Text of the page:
At FKB (Baden Airpark, Germany) summer timetable is now active, and frequency for virtually all Ryanair routes is much higher. This is a common pattern in general for Ryanair and other airlines in Europe: People seem to fly much more in summer.

What does Ryanair do with unused airplanes in winter?

I am wondering if there is any connection to the young average age of Ryanair's fleet (4.6 years as of February 2013), now and possibly in the future. Perhaps Ryanair is selling airplanes in winter, and buying new ones shortly before summer season.

  • Ski routes? Winter sun destinations? – Gagravarr Apr 1 '13 at 12:13
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    @feklee This article maybe of relevance anna.aero/2012/07/04/… – Simon Apr 1 '13 at 12:28
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    I am not sure if this is a travel question? – uncovery Apr 1 '13 at 13:07
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    @uncovery I was hesitant posting that question, but then I saw other similar question such as the one about the longest take-off run of a commercial flight... – feklee Apr 1 '13 at 13:37
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    A lot of low cost and charter airlines tend to use winter periods for either a) depot level maintenance, which takes aircraft out of operation for weeks or longer, or b) wet lease, renting out aircraft complete with crew to other airlines in areas where they need more capacity. Remember when it's winter in Europe, it's summer vacation time in Australia, South America, etc.. I've in reverse flown an Australian registered aircraft from Amsterdam to Spain a few years back, the crew was on a 2 month assignment and loving every minute of it. – jwenting Apr 2 '13 at 6:54

In the winter of 2011 Ryanair grounded 80 of its fleet in the US State of Arizona. With fuel accounting for 40-50 % of costs, more airlines are flying significantly less in winter.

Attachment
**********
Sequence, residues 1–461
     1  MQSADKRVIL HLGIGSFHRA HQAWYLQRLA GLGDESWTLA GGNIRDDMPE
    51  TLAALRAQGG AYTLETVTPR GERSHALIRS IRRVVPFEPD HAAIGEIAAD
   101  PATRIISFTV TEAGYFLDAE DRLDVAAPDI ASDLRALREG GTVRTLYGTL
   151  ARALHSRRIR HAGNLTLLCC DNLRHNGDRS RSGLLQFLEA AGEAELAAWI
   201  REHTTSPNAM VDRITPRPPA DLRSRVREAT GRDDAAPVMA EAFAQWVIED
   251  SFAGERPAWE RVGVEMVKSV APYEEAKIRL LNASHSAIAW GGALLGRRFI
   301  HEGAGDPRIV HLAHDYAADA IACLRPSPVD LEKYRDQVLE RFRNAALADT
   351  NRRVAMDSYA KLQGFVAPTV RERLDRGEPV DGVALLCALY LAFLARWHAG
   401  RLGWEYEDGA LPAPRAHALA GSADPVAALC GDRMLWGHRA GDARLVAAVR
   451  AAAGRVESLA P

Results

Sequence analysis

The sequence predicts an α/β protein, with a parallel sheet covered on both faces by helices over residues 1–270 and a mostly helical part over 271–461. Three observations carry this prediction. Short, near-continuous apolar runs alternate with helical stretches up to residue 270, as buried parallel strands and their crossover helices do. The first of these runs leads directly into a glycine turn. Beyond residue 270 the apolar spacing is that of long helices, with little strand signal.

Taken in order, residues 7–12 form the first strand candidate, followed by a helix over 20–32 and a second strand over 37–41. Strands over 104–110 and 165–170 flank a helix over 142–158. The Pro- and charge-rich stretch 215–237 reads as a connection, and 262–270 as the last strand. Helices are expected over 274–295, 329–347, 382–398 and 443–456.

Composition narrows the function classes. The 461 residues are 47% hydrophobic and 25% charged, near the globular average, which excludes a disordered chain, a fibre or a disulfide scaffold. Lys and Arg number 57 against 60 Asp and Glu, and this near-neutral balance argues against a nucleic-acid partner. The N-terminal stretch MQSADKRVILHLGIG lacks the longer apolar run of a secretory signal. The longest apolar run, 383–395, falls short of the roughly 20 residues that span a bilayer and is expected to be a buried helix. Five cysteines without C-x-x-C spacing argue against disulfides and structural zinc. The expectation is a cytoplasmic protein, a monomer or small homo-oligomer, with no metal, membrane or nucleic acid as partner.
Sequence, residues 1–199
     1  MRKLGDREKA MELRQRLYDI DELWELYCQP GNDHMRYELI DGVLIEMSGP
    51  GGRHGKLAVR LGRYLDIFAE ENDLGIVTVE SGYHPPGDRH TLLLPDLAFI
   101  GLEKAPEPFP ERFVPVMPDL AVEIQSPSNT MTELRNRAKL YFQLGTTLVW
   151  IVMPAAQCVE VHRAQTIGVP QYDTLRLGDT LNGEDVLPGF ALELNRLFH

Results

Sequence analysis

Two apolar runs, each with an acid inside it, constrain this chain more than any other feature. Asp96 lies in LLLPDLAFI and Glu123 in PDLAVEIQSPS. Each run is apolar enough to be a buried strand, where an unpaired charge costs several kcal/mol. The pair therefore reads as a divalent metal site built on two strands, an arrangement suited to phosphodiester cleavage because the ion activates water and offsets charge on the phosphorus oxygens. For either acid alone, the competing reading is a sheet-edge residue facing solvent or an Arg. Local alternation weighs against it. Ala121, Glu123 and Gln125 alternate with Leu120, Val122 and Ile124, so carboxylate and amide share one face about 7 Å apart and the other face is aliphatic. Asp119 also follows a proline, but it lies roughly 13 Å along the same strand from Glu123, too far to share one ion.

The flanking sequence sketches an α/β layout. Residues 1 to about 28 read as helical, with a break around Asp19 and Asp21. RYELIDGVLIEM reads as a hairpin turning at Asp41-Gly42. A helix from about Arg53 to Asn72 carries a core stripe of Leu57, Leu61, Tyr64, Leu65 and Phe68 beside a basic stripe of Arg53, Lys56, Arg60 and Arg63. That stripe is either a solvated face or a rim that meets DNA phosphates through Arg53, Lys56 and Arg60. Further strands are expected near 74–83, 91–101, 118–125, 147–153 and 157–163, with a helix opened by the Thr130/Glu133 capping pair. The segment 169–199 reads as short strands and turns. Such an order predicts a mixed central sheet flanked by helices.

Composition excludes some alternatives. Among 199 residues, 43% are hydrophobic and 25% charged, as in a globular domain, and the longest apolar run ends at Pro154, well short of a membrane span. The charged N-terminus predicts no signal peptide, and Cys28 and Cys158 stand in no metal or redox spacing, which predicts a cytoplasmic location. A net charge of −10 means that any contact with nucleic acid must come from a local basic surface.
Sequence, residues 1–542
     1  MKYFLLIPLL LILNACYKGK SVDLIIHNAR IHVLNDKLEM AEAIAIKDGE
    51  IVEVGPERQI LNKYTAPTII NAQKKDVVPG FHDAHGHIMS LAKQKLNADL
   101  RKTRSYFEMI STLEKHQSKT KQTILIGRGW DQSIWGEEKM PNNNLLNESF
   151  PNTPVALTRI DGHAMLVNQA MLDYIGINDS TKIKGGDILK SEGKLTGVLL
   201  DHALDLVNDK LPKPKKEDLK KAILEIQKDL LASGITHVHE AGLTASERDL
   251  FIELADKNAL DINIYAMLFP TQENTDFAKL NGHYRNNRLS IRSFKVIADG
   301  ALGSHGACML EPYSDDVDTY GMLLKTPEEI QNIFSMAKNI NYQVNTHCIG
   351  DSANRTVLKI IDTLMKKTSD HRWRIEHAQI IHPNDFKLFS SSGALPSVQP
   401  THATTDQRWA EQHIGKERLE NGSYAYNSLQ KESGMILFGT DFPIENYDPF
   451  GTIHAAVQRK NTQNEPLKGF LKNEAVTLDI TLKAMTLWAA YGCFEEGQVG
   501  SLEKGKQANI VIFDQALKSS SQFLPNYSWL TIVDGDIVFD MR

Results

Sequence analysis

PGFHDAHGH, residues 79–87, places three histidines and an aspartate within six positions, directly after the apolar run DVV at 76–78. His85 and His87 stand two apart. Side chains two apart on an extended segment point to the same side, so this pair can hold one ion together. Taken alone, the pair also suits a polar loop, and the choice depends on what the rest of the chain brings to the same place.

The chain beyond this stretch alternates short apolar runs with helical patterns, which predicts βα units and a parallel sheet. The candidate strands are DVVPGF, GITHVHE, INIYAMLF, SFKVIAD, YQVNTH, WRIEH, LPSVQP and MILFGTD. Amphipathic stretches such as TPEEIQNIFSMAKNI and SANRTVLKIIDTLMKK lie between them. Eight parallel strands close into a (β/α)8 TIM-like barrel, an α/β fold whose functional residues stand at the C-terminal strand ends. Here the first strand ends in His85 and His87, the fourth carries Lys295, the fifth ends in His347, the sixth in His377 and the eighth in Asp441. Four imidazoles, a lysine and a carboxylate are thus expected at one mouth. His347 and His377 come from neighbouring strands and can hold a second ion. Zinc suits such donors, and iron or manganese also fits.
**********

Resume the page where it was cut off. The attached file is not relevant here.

According to research carried out by anna.aero in the article entitled "Grounding planes in winter improves profitability: The new network planning reality explored among Europe’s airlines" in July 2012:

Airlines generally earn their profits in summer when demand, yields (and capacity constraints) are highest. In the past, when fuel was much cheaper, airline economics were dominated by fixed costs – aircraft ownership, salaries, and the perceived wisdom that aircraft should be kept flying even in winter, even if loads and yields were significantly lower, as this helped to reduce unit cost per Available Seat Kilometre (at least on paper).

Although flying less pushes up the unit cost of the flying that does take place, the idea is that unit revenues will go up by a higher percentage as there will be fewer empty seats during the off-peak period as reduced capacity should lead to higher average fares and better load factors.

It would appear that other airlines are following suit eg Easyjet, German Wings.

The full article including analysis:


  • I wonder whether it would make sense to fly airplanes to the southern hemisphere in winter and lease them to some airlines there. But, probably not: I guess weather and market are vastly different from Europe. – feklee Apr 1 '13 at 19:39
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    @feklee I'm quite surprised they flew them to Arizona, they should have loaned them to Virgin America. – Simon Apr 1 '13 at 20:11
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    With fuel costs coming back down, they may do less parking, but what I can't figure out is, why does a European airline park its planes almost halfway across the world? – Michael Hampton Jan 6 '16 at 4:21
  • @MichaelHampton: Probably a combination of the arid climate (which reduces corrosion and thus saves maintenance costs when the plane goes back into service), cheap land, and a more comfortable political/legal environment than closer locations with the appropriate climate. – hmakholm left over Monica Sep 17 '16 at 14:52

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